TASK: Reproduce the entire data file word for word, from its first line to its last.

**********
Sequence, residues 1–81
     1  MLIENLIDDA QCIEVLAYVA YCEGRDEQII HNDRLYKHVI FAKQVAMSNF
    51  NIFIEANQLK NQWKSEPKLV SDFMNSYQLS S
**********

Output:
Sequence, residues 1–81
     1  MLIENLIDDA QCIEVLAYVA YCEGRDEQII HNDRLYKHVI FAKQVAMSNF
    51  NIFIEANQLK NQWKSEPKLV SDFMNSYQLS S